Endotoxin levels were measured using a Limulus amebocyte lysate (LAL) kinetic chromogenic assay (Pyrogent LAL Chromogenic Assay, Lonza, Verviers, Belgium). The test is based on the measurement of the chromophore released from a suitable chromogenic peptide by the reaction of endotoxins with the lysate. Bacterial endotoxin was measured with upper and lower detection limits of 0.05 and 50 Endotoxin units (EU)/mL, respectively. The sample was mixed with the LAL/substrate reagent, placed in an incubating plate reader, and monitored over time for the appearance of a yellow color, according to the instructions of the manufacturer. The same TSH lots were used for endotoxin assays and mass spectrometry. Results are given in both EU/mL and EU/mg.
Statistical support was provided by the biostatistical staff of the FGCZ. MS data were analyzed using Scaffold 3 (Proteome Software, Portland, OR, USA) The threshold for positive identification of a given protein was set to at least two peptides with a peptide probability of 95% or better. The minimal sequence coverage was set to a minimum of 10%. Data were further analyzed using non-parametric statistical methods (SPSS, Statistical Package for the Social Science, Software Packets for Windows, Version 18 and GraphPad PRISM® for Windows, Version 5.0) Kruskal-Wallis, Wilcoxon and Dunn’s multiple comparisons test were used. The Mann–Whitney-U-Test was used to determine differences between two groups (hormones, endotoxins). Values of p < 0.05 were considered statistically significant.
This work was supported by the Vetsuisse Faculty Research Program ‘CLINOMICS’, University of Zurich Switzerland and the Albert Heim Foundation for Canine Research, Bern, Switzerland. We thank Theres Meili and Anamarija Ivos for excellent technical assistance.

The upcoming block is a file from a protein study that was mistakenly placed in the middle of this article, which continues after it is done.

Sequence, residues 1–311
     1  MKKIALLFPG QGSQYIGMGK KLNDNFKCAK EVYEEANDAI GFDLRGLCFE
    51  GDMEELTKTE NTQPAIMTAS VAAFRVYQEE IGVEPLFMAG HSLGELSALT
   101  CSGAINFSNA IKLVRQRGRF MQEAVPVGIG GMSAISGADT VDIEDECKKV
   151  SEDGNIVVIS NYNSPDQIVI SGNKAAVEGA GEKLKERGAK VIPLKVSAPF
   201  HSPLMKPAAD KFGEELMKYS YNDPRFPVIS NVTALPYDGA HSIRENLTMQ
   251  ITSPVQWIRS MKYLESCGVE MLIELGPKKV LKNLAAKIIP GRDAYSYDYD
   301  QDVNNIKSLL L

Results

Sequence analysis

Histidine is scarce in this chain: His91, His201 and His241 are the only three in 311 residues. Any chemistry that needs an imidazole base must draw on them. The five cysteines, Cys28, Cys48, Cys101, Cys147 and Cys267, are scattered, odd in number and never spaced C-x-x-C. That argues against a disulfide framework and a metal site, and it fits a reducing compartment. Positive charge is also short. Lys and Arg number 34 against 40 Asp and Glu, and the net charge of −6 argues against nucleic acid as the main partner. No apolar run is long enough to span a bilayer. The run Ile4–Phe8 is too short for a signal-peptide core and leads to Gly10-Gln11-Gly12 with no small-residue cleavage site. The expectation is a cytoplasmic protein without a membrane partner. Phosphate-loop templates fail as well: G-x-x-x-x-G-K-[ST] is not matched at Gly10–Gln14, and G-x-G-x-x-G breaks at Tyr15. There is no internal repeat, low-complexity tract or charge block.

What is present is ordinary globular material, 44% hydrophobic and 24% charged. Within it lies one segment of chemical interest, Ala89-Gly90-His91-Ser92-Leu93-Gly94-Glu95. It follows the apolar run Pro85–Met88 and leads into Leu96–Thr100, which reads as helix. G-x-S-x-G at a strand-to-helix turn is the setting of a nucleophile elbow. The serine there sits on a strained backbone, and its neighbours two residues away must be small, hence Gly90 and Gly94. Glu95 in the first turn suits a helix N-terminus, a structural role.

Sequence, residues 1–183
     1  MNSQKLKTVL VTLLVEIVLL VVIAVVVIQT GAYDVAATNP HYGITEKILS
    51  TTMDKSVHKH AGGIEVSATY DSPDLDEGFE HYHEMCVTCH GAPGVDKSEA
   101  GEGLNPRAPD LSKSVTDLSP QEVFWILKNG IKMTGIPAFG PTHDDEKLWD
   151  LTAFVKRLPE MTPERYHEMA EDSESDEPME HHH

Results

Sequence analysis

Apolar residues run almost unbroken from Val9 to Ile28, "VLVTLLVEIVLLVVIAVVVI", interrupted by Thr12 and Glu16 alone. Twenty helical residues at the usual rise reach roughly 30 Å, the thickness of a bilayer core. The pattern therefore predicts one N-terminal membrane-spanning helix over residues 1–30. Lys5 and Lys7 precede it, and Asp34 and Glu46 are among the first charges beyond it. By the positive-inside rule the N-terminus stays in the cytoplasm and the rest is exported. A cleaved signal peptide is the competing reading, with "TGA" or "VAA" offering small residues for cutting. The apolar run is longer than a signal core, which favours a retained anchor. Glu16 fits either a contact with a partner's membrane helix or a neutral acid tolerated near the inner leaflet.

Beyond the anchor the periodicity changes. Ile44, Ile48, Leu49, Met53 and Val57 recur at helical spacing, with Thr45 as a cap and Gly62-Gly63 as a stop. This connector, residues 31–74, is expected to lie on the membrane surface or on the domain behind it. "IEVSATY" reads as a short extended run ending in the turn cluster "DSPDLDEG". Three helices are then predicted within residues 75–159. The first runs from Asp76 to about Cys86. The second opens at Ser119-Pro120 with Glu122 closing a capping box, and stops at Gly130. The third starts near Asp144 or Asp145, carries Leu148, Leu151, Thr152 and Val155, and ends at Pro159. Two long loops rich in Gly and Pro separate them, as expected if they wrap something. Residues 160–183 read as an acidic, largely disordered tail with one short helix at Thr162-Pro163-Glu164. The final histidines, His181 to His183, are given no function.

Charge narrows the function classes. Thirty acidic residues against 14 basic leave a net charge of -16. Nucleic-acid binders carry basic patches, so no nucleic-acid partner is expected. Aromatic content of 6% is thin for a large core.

- Feldman EC, Nelson RW: Hypothyroidism. In Canine and feline endocrinology and reproduction. Edited by Feldman EC, Nelson RW. Toronto:W.B.Saunders Company; 1996:68–117.Google Scholar
- Ferguson DC: Update on diagnosis of canine hypothyroidism. Vet Clin North Am Small Anim Pract. 1994, 24 (3): 515-539.PubMedView ArticleGoogle Scholar
- Yang X, McGraw RA, Ferguson DC: cDNA cloning of canine common alpha gene and its co-expression with canine thyrotropin beta gene in baculovirus expression system. Domest Anim Endocrinol. 2000, 18 (4): 379-393. 10.1016/S0739-7240(00)00057-6.PubMedView ArticleGoogle Scholar
- Yanga X, McGraw RA, Su X, Katakam P, Grosse WM, Li OW, Ferguson DC: Canine thyrotropin beta-subunit gene: cloning and expression in Escherichia coli, generation of monoclonal antibodies, and transient expression in the Chinese hamster ovary cells. Domest Anim Endocrinol. 2000, 18 (4): 363-378. 10.1016/S0739-7240(00)00056-4.PubMedView ArticleGoogle Scholar
- Boretti FS, Sieber-Ruckstuhl NS, Favrot C, Lutz H, Hofmann-Lehmann R, Reusch CE: Evaluation of recombinant human thyroid-stimulating hormone to test thyroid function in dogs suspected of having hypothyroidism. Am J Vet Res. 2006, 67 (12): 2012-2016. 10.2460/ajvr.67.12.2012.PubMedView ArticleGoogle Scholar